Keith Moffat used his background in physics to tinker with tools that light up molecules in motion.
As an undergraduate at the University of Edinburgh in the early 1960s, Keith Moffat studied physics. "Physics, physics, and more physics," he says. But when it came time to graduate, Moffat was looking to expand his horizons. Bill Cochran, a new professor who'd just arrived from Cambridge, suggested he get in touch with the molecular biologists there: "Francis Crick, Max Perutz, John Kendrew, folks like that," he recalls.
"So I wrote a letter asking for a brochure that would tell me the type of research going on," says Moffat. Perutz himself sent back a one-line note asking for two references. With references dispatched, Perutz's next missive, equally brief, said "come for a visit." To make the most of his time, Moffat arranged to meet with...
And go he did. Working under Perutz, Moffat solved the crystal structures of an array of chemically modified hemoglobins. He then went on to pioneer x-ray techniques that allowed him to generate time-resolved snapshots of proteins in motion, capturing reactions that take place over picoseconds in atomic detail. "Keith was one of the first to realize the potential for using short pulses of synchrotron radiation to take freeze-frame pictures of protein structures as they change over time," says Dennis Mills of the Argonne National Laboratory in Illinois. "He pushed for the technology and moved the field forward."
John Helliwell of the University of Manchester agrees. "Keith took the lead in conducting these ultra-fast experiments to monitor conformational changes in protein crystals in real time," he says. Moffat's efforts, along with those of his colleagues and collaborators, says Helliwell, "have come together to break the conventional wisdom that crystallography is a static technique."
The hemoglobin structures that Moffat solved as a grad student were of the standard, static variety. But his postdoctoral mentor—Quentin Gibson at Cornell University—got him thinking more dynamically. Gibson was using rapid reaction kinetics to compare the behavior of hemoglobin in dilute solution, in polycrystalline slurries, and in red blood cells. The study was designed to address the question of whether crystal structures—like the ones for hemoglobin produced by the Perutz lab—were physiologically relevant or merely artifacts of the crystallization process.
The reaction he focused on was one that was quick, simple, and easy to monitor—and to initiate. In addition to taking up oxygen, hemoglobin can also form a covalent attachment to carbon monoxide. The gas binds to the iron atom in heme, but can be knocked off by a bright flash of light. So Gibson loaded his hemoglobin samples with carbon monoxide, flashed them with light, and watched as the gas diffused away, then drifted back. And he showed that the hemoglobin acted the same way, whether it was in solution, in a crystal, or in a cell.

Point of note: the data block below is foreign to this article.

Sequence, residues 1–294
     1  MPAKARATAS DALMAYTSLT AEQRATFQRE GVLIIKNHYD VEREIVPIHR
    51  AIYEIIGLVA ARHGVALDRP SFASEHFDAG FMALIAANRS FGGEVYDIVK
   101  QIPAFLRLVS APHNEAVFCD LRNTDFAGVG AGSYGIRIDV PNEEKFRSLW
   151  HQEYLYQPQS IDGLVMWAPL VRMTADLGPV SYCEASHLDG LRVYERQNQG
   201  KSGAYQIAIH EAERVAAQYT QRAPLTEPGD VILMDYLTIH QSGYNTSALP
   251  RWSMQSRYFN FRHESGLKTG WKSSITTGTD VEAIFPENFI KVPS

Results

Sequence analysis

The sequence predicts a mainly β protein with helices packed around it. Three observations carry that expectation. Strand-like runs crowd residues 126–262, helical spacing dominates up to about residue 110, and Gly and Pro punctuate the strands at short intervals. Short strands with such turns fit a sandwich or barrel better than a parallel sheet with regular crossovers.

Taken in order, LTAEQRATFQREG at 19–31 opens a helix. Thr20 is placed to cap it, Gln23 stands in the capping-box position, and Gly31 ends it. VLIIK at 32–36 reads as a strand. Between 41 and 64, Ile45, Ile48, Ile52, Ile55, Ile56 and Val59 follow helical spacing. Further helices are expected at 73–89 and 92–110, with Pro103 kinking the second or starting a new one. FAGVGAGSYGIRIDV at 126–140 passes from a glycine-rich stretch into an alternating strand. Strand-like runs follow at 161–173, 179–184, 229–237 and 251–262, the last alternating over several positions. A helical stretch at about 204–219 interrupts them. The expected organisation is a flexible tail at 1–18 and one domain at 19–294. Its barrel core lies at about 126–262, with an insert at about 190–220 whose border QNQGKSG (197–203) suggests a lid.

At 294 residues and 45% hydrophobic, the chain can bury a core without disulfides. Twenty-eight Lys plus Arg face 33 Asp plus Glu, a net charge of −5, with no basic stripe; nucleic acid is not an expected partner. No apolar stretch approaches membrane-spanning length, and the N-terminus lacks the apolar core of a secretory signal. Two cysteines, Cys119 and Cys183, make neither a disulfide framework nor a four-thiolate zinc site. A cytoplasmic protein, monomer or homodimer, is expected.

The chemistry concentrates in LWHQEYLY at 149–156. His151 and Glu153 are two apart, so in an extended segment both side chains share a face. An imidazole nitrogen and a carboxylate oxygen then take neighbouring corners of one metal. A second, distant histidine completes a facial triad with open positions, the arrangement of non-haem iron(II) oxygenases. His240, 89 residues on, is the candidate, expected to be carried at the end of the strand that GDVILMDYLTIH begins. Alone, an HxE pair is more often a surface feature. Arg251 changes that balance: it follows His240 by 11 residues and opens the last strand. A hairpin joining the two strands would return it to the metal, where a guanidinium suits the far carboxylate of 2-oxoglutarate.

When Moffat arrived in the lab, he says, "I figured: why don't we use x-rays to follow that reaction, to look directly at the changes in structure?" But after a long afternoon spent discussing this research proposal, Moffat says, "We convinced each other that it was impossible. It might be desirable—we weren't arguing about that. But we surmised correctly that, in 1969, it was impossible."
The problems were twofold. "First, laboratory x-ray sources were simply not powerful enough to follow a reaction that occurs in tens of microseconds," he says. "Second, if I want to make a kinetic measurement, I need some means of starting the reaction." In Gibson's experiments, he used a photographic flash. But illuminating all the hemoglobin molecules in an x-ray–ready crystal would require a laser. "Lasers were around, they had been invented, but they were by no means common currency in biophysics labs," he says.
In time, high-powered lasers would become more readily available. But the thing that really made time-resolved studies possible was the use of synchrotron radiation—a highly intense source of x-rays that could be used to probe the structure of macromolecular crystals. And Moffat was in the right place at the right time. In 1970, he joined the faculty at Cornell, where physicists were looking to upgrade their synchrotron to make the circulating current more stable and strong. "And a number of us thought, wouldn't it be nice to build a synchrotron radiation laboratory that could harness the x-rays emitted by the machine, which are regarded as a waste product by high-energy physicists."
"It was a parasitic way of using an instrument that was built by physicists for physicists," says Michael Rossmann of Purdue University, who used Moffat's setup to determine the first crystal structure of a whole human virus. "Keith had the foresight to realize that this machine could be useful for protein crystallography, and he developed the Cornell synchrotron for use by x-ray crystallographers."
But it would be 25 years before Moffat would be able to take advantage of synchrotron radiation to conduct his "dream" experiment. In the interim, he solved the structures of a calcium-binding protein and some pituitary and placental polypeptide hormones—things Moffat deems "structural biology of a more conventional variety."